The Socialist

The Socialist 11 June 2014

Baby feed death - NHS: Private profit kills

The Socialist issue 814

NHS: Private profit kills

Newark byelection: capitalist parties in crisis

'Trojan Horse': who is attacking education?

World Cup carnival can't hide corruption and injustice

Them & Us


Tiananmen Square 1989

The battle of Orgreave


Spain: European elections redefine political map

Greece: CWI councillors elected


10 July: United action can beat austerity

Bakers' union calls for general strike

Unison: No waiting for Labour - fight the job cuts

Housing workers strike against rep suspension

Firefighters to walk out for 24-hours

Care UK workers continue dispute

Workplace news in brief


Now is the time to join the Socialists!

Why I'm a socialist

Stevenage: EDL not welcome here

Cuts consensus: Labour joins with Ukip to back Tory council


Ken Loach's Jimmy's Hall

Obituary: George Duff

 
 
 
 

PO Box 1398, Enfield EN1 9GT

020 8988 8777

editors@socialistparty.org.uk

Link to this page: http://www.socialistparty.org.uk/issue/814/18760

Seach this siteSearch the site

Printable versionPrintable version

Facebook

Twitter

Home   |   The Socialist 11 June 2014   |   Join the Socialist Party

Subscribe   |   Donate   |   PDF  |   ebook

World Cup carnival cannot hide corruption and social injustice

Tom Baldwin

It is impossible not to notice that the World Cup has begun. While it may send some people scurrying for the TV remote, billions of football fans across the globe have been looking forward to one of the world's greatest sporting tournaments.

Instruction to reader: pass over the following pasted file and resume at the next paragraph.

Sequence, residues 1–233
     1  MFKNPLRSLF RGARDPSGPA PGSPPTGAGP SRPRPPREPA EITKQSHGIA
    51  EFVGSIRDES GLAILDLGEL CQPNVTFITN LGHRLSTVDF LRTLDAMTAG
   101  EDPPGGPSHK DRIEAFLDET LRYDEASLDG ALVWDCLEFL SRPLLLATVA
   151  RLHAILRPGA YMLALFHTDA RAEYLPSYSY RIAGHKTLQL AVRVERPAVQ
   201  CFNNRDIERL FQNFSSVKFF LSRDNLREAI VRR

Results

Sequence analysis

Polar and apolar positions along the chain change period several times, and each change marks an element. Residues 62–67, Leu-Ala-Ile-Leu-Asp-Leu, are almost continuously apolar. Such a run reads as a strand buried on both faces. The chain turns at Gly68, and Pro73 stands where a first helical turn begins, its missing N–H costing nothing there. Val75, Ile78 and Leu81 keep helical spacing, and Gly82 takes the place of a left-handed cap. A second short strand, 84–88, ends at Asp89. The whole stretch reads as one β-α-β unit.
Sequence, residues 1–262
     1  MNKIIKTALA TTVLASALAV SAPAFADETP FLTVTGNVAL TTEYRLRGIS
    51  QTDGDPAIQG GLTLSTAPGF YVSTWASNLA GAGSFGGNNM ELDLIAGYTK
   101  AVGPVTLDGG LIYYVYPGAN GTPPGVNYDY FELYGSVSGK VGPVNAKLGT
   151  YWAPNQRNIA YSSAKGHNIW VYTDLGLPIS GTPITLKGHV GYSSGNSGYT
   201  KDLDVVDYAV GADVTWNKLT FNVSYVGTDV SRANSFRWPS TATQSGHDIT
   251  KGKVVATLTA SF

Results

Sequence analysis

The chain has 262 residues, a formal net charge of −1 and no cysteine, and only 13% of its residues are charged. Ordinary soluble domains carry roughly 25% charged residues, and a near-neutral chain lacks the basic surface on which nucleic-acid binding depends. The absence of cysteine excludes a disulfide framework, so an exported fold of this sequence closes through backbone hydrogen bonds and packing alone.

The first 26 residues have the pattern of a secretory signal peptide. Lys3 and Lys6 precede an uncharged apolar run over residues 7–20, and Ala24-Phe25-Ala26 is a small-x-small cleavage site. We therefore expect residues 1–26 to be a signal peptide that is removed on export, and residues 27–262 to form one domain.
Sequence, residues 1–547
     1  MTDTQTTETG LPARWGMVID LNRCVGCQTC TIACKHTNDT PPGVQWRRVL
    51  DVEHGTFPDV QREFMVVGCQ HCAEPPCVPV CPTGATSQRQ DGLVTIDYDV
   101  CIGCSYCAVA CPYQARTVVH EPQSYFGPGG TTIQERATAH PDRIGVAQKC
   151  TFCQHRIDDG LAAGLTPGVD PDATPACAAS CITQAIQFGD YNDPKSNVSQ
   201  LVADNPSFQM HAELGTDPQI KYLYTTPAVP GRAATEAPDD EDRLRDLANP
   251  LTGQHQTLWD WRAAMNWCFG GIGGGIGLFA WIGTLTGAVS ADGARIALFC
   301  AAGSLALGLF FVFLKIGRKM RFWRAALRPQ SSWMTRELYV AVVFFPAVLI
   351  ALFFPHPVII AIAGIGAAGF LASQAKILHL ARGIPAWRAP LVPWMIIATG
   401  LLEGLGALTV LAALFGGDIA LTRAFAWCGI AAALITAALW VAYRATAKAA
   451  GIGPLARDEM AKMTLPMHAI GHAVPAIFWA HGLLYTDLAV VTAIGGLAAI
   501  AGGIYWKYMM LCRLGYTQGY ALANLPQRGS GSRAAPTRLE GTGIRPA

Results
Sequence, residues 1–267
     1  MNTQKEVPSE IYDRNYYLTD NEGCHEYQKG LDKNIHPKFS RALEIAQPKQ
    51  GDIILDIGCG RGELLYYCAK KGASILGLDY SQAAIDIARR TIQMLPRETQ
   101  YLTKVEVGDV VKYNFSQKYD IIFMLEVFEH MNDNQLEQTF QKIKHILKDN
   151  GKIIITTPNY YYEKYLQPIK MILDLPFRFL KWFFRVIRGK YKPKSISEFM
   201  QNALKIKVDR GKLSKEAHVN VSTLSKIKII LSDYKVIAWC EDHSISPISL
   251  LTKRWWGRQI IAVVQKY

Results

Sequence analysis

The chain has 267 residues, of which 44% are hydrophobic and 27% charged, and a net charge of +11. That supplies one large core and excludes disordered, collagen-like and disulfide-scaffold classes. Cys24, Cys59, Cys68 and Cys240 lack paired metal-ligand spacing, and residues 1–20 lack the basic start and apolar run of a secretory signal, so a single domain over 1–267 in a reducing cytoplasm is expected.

It is estimated that nearly half the world's population will tune in at some point to watch the best players clash in Brazil. Sadly though, the World Cup has revealed once again how corruption and profiteering have tainted the beautiful game.

Football is not just a passion for millions, it's big business. It is expected that $1 billion will be bet on every match at the World Cup. With the drive for profit, corruption follows close behind and the interests of fans and workers fall by the wayside.

Emails uncovered by the Sunday Times add weight to widespread allegations of corruption in Qatar's successful bid to host the 2022 World Cup. Mohammed Bin Hammam is a former vice-president of Fifa, football's world governing body, but was forced to step down over separate corruption claims. Qatar denies Bin Hammam had anything to do with the bid but recent emails appear to show he spent 3 million bribing other officials to win their backing. There is now growing pressure for the process to be re-run, with several big corporate sponsors voicing concerns.

Many fans questioned the decision to hold the tournament in Qatar where heat could force it to be played in December, not June. But the effect of heat is not only a concern for the footballers. Migrant workers building infrastructure in conditions of virtual slavery were dying at a rate of one a day last summer. Qatar is an autocratic monarchy with an appalling record on workers' rights.